Ways to know if you're infected or not:

Masturbate.
Masturbation may prevent you from making a rash decision to have sex with someone before you know enough info about their sexual history. It also strengthens core muscles and lets you perform when you want to. Like exercise that enhances your physique and physical health, masturbation enhances performance and pleasure and serves as a litmus for your sexual well being.

How? You're more familiar with your body's sensation when you orgasm, if you feel pain of any sort it's insight that things aren't functioning regularly. Kind of like sustaining an injury or nursing a cold affects your workout; you know because your body doesn't feel the same and you'll need a remission to get well.

Lubricate
Friction tends to rub you the wrong way, causing irritation. That irritation can lead to breaks and tears in the skin inviting all types of infections to colonize your body. Something that prevents that, and feels very good when doing so, is using lubrication. Lubricants reduce friction making penetration more comfortable and stroking feel smoother. It also can come in (sugarless) flavors to add taste during oral sex. Water based lubricants are safe to use on the outside and inside of all condom types as well as either side of a dental dam. DO NOT USE OIL-BASED LUBE WITH CONDOMS. THEY WILL BREAK DOWN THE LATEX, making them totally ineffective.

How? If the lubricant burns or irritates you while in use you can deduce that you're having a reaction to the lubricant itself or that it's causing discomfort because of a pre-exisiting infection that's being disrupted by the ingredients in the lube. 

Check Your Genitals
This absolutely means getting comfortable with your body. Pay attention to the feeling you have when you urinate and look at yourself from your pubic bone to your anus. Use a mirror and examine. Do you see bumps, bruises, rashes or skin grafts? Pus or discharge? If so, don't panic, think about what you already know about your body then build from there. 

How? Consistently checking your body and genitals makes you self aware of your physicality and more able to accurately surmise if there's something unusual occurring within your body. Knowing your body also makes it easy to talk to the doctor or clinician when getting a check up.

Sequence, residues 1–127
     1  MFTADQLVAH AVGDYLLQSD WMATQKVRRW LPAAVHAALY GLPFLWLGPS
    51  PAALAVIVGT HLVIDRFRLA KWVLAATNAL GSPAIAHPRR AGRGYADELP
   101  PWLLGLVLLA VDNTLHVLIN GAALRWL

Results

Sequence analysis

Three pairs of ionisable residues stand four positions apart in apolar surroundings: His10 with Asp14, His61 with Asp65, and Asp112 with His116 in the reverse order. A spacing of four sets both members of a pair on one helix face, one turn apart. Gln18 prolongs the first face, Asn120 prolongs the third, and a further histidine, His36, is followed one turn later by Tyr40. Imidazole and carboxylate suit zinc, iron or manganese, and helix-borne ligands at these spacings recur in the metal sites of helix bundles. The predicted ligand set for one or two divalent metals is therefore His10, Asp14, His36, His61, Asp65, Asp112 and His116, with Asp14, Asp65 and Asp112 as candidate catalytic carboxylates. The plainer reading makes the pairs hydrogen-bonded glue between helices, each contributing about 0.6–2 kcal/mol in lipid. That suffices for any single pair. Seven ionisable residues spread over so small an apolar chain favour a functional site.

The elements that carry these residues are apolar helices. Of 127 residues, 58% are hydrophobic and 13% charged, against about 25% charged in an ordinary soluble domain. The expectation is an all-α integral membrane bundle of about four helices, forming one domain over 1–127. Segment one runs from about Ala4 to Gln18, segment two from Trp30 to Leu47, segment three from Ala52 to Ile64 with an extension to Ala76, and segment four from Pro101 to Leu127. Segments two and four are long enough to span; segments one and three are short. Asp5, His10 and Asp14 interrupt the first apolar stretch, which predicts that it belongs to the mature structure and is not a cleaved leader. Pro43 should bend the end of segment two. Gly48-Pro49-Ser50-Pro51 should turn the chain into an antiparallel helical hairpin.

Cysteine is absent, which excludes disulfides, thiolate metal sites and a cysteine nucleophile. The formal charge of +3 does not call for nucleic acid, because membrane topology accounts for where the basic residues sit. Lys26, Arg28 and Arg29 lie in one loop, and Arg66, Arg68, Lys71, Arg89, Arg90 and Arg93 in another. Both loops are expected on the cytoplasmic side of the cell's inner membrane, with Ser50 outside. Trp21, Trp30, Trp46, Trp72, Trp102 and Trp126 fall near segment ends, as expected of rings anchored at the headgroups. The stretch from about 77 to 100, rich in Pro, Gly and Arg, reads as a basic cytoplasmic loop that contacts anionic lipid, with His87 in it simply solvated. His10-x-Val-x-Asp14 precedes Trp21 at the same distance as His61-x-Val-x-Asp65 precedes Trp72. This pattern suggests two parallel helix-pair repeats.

Speaking of which.



Get Regular STD Check-Ups.
If you aren't the type to masturbate, have an aversion to lubrication and completely disregard the prerequisite of taking a thorough look at your own body you absolutely must do this. As should everyone. Regularly going to a clinic or doctor for check ups is actually the only fool proof way to become aware of your status. In most states in the US there are health departments that offer free STD/HIV testing and accuracy is upwards of 99%. 

How?  The clinicians take blood, genital swabs and cultures to test them specifically for sexually transmitted infections and diseases. Note, though, that if you are looking to be tested for HPV, *women must have a PAP SMEAR pelvic exam and *men can only be tested if they have visible warts (lack of warts DOES NOT mean HPV free). 


Now, with this information you can understand that STDs are stealthy and we can decide whether or not we want to be actively engaged in our sexual health because it's directly connected to our sex lives. Infections are kind of like people. Things can seem to be operating smoothly but you never really know where you stand with them until you've been given that affirmation. Physical results from a physician is your sexual health affirmation.